Left to right: Claire Wyman, Jurgen Marteijn, Wim Vermeulen, Arnab Ray Chaudhuri, Joyce Lebbink, Roland Kanaar, Jan Hoeijmakers and Miao-Ping Chien. Photo credit: Iris Duvekot.

Winner Social Sciences

The Amsterdam team SENSA is the winner in the field of Social Sciences. It is investigating the currently very topical issue of how to promote and maintain social cohesion in a society where individualism and discrimination appear to be on the increase. Within this context, the team is investigating, among other things, what happens in the brains of children and adolescents during all kinds of often unconscious, social interactions. The innovative methods used to capture these processes are undeniably groundbreaking: for example, the development of new experiments and the use of portable EEG devices that allow research data to be collected outside the laboratory, for example in school classrooms. One of the ultimate goals the team will be working on over the coming years is how to positively influence children at an optimal moment in their social development so that, from an early age and almost automatically, they approach everyone, from friend to outsider, in an optimistic and constructive way. Lydia Krabbendam, Professor of Neuropsychology at the Vrije Universiteit explained: “Our team combines research into brains and behaviour in and outside the laboratory. Thanks to the Ammodo Science Award, we can investigate the development of social behaviour in the real world – and possibly contribute to the creation of an even more socially cohesive generation.”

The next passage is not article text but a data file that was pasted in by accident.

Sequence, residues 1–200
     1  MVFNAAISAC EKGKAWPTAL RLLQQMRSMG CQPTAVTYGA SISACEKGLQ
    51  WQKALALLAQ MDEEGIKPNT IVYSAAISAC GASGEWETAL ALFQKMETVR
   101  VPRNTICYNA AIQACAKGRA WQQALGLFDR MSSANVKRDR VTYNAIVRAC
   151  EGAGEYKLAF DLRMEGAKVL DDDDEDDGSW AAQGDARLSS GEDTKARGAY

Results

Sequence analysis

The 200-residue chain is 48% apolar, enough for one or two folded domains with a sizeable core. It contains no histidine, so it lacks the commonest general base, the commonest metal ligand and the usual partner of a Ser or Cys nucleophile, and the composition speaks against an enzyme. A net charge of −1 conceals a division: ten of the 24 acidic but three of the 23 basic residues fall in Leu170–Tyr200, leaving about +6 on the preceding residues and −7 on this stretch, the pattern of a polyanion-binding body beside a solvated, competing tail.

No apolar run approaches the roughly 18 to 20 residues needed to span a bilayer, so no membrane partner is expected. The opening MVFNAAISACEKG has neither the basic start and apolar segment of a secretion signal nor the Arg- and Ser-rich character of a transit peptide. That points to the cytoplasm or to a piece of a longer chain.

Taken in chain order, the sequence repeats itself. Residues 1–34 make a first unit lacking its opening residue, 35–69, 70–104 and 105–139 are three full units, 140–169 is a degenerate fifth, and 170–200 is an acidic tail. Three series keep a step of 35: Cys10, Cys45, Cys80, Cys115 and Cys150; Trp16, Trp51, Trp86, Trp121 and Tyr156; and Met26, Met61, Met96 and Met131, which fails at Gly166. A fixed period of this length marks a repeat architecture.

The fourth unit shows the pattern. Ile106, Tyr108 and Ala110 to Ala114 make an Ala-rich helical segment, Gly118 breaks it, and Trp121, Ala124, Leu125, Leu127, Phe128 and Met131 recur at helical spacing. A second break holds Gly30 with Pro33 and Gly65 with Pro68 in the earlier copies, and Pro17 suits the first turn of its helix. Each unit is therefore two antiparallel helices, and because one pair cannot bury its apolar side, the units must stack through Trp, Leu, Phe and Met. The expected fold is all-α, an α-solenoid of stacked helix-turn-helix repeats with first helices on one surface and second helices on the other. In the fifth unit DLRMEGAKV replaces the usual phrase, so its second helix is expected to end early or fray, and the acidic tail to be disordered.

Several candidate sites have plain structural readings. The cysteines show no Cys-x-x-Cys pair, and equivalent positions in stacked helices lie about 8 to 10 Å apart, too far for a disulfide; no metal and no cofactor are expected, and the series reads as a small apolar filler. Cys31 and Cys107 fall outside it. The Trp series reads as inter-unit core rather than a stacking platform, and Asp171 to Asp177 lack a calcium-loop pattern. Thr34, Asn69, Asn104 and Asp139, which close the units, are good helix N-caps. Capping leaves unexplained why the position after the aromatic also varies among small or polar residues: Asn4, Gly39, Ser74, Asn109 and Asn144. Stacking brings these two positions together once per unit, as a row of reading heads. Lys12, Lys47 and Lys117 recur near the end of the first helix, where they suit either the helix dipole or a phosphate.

Left to right: TuongVan Vu, Nikkie Lee, Barbara Braams, Jellie Sierksma, Tieme Janssen, Paul van Lange, Mariët van Buuren, Lydia Krabbendam and Nienke van Atteveldt. Photo credit: Iris Duvekot.